Monday, September 19, 2016

Too Old to Scold

Sacchi Green

My family have always been book lovers, but on the whole they haven’t looked down on any particular genre, or on genre as opposed to “literary” fiction. Erotica may be an exception, but by the time I started writing it and mentioned it in passing when they’d ask if I was still writing, I was too old to scold, if there can be such a thing.

My parents couldn’t even get their minds around the science fiction and fantasy I wrote, so they didn’t expect me to share any more of my writing with them. The only story I ever published that they really understood and liked was a short story I wrote for one of those “One Hundred Little (whatever)” anthologies Barnes & Noble used to put out, in this case One Hundred Crafty Cat Tales. The stories were supposed to be mysteries, but it turns out that not very many mystery writers wanted to—or maybe could—write very short stories. The editor had connections in the sf/f community, so he circulated his Call for Submissions there, and I dashed off a story about a cat and a homing pigeon military station on the English Coast during WWII, where the pigeons were used to bring messages from the troops in Europe. (My title was Cat Among the Pigeons, but as it turned out, the cat wasn’t guilty of pigeon murder, but he did inadvertently help to catch a German spy.) Anyway, that story is the only one that has been shared with various relatives, most of whom have passed away by now.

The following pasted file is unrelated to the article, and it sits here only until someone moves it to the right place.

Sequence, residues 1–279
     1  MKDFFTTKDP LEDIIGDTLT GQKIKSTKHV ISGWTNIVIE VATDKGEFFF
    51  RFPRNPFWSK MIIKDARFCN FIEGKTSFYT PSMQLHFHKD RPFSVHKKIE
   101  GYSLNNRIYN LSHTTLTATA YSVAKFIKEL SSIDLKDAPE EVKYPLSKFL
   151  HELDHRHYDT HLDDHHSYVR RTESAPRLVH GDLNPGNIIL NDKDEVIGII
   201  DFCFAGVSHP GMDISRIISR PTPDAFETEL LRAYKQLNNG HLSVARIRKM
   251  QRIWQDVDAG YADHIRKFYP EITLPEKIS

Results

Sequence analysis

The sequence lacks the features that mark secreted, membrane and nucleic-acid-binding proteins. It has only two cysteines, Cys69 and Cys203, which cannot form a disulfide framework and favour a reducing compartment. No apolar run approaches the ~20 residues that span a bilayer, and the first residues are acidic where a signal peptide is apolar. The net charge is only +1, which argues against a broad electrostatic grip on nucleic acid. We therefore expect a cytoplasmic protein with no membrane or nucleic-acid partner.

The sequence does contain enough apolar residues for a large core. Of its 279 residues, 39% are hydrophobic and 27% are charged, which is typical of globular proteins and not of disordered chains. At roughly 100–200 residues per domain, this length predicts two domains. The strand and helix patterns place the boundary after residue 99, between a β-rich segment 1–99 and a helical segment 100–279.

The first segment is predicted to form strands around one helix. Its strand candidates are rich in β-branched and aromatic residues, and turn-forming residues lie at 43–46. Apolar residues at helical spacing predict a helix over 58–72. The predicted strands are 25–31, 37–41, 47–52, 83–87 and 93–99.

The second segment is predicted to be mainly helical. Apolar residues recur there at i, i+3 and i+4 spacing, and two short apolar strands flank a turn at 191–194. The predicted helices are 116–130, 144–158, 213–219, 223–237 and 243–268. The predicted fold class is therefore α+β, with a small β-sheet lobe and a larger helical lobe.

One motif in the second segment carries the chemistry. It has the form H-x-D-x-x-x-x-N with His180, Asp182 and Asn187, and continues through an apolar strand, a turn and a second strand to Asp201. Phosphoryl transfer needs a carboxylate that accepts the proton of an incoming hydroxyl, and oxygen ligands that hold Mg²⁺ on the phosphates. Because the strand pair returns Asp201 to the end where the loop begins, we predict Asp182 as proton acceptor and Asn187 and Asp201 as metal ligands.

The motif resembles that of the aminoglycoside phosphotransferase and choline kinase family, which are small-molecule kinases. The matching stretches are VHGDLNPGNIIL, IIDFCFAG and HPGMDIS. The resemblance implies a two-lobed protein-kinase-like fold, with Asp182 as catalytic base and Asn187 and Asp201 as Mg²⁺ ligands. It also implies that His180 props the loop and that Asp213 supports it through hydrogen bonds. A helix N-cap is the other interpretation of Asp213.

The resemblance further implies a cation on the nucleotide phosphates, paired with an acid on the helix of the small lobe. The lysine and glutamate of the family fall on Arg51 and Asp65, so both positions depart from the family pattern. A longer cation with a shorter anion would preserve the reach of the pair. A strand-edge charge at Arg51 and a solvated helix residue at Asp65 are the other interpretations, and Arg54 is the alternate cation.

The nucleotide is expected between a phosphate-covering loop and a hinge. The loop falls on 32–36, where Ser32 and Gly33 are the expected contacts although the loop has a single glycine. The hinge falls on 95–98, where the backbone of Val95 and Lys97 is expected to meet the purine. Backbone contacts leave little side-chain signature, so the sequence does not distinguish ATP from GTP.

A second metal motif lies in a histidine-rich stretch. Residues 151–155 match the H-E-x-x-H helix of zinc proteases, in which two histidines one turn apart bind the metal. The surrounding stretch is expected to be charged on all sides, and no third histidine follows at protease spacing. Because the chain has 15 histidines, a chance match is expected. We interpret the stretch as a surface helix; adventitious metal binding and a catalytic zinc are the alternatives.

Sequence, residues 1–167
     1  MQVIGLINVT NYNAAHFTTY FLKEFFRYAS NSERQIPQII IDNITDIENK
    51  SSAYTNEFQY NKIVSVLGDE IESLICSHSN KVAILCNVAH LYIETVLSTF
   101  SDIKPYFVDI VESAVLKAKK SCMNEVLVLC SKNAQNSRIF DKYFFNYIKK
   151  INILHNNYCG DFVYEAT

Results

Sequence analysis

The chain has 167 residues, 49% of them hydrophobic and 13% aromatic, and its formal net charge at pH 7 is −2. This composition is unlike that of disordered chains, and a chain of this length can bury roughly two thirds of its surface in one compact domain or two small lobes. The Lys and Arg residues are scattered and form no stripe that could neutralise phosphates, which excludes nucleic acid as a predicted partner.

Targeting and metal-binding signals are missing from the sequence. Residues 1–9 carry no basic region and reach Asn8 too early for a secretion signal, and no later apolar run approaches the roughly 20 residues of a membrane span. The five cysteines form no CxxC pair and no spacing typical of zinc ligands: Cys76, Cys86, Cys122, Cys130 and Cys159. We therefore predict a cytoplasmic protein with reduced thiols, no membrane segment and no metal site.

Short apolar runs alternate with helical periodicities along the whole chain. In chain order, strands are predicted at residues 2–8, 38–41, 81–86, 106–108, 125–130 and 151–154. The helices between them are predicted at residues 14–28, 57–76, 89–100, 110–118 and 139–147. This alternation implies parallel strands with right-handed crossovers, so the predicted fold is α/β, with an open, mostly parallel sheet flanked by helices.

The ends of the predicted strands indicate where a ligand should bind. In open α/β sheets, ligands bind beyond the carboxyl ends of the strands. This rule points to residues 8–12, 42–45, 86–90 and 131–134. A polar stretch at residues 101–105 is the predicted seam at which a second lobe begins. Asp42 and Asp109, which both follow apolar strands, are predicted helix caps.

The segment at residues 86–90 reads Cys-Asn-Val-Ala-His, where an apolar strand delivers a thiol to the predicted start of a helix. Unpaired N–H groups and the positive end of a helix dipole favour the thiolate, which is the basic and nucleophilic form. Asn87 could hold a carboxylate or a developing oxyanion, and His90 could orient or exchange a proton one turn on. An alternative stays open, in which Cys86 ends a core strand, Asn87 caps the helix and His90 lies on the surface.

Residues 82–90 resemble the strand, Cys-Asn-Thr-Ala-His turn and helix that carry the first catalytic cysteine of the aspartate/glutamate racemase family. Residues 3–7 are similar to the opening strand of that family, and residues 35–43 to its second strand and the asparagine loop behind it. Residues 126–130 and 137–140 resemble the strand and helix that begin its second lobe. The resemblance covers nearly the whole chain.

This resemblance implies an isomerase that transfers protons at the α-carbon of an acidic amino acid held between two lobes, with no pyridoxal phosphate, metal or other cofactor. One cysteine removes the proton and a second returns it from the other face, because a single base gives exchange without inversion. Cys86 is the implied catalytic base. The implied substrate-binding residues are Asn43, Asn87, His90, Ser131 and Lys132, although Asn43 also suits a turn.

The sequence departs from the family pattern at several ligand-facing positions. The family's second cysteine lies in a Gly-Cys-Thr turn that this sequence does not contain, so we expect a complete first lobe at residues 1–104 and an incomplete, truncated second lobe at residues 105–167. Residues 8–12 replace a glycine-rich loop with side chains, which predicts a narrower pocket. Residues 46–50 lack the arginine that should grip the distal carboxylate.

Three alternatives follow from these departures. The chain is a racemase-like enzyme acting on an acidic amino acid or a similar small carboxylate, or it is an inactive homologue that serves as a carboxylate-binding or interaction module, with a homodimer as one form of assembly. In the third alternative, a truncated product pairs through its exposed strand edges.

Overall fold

My mother would have liked me to write mystery novels.  She was a librarian who read widely and kept abreast of book reviews, etc., in order to know what to order for the library and recommend to readers, but mysteries were what she read for pleasure, along with some kinds of romances. She introduced me to Georgette Heyer’s Regency romances before I ever got to Jane Austen. My father preferred non-fiction history and biography, but his comfort reading was westerns. I don’t recall them ever prompting me to write “serious” or “literary” books, but I think they did wish I’d write things with a wider appeal.